After those 90 minutes, I did no more practice at all. Three days later I saw some Korean sentences in some random Youtube comments and I could still remember virtually the whole thing! I was able to read whole sentences written in hangeul (albeit extremely slowly). However I hadn't started learning Korean at all, so I still had absolutely no idea what any of the words meant! :D
Just saying hangeul can be learnt pretty quick if you find a method that works well for you. Most people would probably frown on my learning approach of sheer trial-and-error + speed, but it seemed to work out okay for me. ^_^
Yes, I know there are other methods to learn it, but like I've said several times now in this thread, since I've been given early access to the course in exchange for feedback on it as it exists, I'm doing my best to learn from the course, so I can give feedback on the course, rather than on my ability to find other resources. I've successfully learned hiragana, several versions of Cyrillic, Hebrew... I know how to learn a script. This is feedback on the Korean course and how well (or not) it teaches this script, rather than on whether I can learn a script, which is an entirely different thing.
Ah, okay. I did notice you've already done quite a few languages which use different scripts, so I was a little confused why you would be saying that about hangeul when I started writing my comment. Thanks, I understand where you're coming from now. ^^
I think I wish I'd done the same as you and waited to learn the writing system on 듀오링고 instead.
As I've only used this site for Japanese reverse and normal trees so far, this is my my first time doing a tree where I'd not been learning the language elsewhere beforehand. I'm finding it an eye-opening experience to see what learning a language from the ground up on Duolingo is really like for people.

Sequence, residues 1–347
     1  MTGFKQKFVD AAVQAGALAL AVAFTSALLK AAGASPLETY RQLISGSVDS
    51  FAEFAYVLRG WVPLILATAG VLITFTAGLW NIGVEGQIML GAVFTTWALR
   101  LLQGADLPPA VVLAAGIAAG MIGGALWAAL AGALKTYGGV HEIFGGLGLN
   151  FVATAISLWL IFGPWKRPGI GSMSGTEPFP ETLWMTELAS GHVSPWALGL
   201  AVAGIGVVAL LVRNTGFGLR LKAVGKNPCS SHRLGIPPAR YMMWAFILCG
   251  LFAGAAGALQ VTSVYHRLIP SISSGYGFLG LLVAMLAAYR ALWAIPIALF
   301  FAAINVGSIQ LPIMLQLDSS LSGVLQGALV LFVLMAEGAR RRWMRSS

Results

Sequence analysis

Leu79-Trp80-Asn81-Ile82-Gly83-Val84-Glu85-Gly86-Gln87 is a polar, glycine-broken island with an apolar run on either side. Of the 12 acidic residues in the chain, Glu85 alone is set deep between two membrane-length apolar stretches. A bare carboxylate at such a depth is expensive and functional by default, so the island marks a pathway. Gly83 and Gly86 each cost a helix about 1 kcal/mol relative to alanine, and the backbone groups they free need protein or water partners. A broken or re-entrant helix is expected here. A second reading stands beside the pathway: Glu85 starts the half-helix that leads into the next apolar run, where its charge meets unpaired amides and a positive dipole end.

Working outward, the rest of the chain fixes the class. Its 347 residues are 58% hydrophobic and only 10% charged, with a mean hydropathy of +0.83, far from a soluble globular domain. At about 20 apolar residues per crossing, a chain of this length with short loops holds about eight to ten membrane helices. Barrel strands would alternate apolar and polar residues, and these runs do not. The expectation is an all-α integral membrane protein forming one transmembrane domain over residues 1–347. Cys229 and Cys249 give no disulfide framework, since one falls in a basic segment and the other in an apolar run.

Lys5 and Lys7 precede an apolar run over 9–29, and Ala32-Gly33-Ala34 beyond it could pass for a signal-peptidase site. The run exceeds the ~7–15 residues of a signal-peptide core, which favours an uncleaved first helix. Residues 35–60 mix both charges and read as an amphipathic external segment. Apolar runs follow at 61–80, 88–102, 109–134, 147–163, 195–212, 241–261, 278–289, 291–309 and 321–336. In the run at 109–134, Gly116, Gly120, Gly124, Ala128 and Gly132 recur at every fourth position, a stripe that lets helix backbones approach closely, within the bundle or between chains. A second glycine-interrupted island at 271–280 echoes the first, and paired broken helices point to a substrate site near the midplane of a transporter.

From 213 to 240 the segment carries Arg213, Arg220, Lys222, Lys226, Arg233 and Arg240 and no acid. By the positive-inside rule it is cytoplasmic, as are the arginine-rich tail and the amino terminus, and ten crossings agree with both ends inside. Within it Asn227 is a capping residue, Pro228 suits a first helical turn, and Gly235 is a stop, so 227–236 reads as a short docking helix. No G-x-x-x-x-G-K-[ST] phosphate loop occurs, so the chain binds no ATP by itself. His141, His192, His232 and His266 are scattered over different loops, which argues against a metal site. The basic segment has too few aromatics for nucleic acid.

I think I'd have liked to experience what it's like learning hangeul solely through Duolingo too. I have a fairly critical opinion towards the idea of writing systems being taught on here (particularly if it means a course has to be delayed on web for months past the app release date with no communication of any progress towards a release on web). But now I've ended up spoiling my chance to get a first hand experience, to find out for myself whether it really can work well or not. Now I won't have the chance to be able to give feedback on it from personal experience.
So I kind of envy your choice to stick to learning the Korean writing system on Duolingo, whether it may or may not take a lot longer to learn it this way. ^^
Korean beta testing.
Is it yet BETA testing (on iOS and/or Android)?
I thought it was just ALPHA testing.
- ALPHA testing: only a small set of selected users test it.
- BETA testing:the course is released (on one platform at least) and all users can take the course (on said platform(s)).
Some people get mixed up because of the "testing" I think. Not all beta tests across applications are open, and many alpha tests are done during development (especially in video games). Duolingo does it a little differently compared to other applications.
But yes they meant Alpha testing. The tests are more open now but only to a select amount of people, which in Duolingo's book is still an alpha test.
Yeah, I logged out of my account on the app, then downloaded test flight, entered my redeem code, and then had to update my duo app to the test version of duo.
You should have an email from duo and TestFlight. I actually didn't use my code, but opened the email in my mobile from test flight, it has a picture of the duo owl and it says open in test flight.
For when the course will be ready for people who aren't alpha testing? I believe the date for that will be September 7, or early September.
The email has a link you can use, or a redeem code to alpha test. I don't think you'll be able to alpha test without access to the email.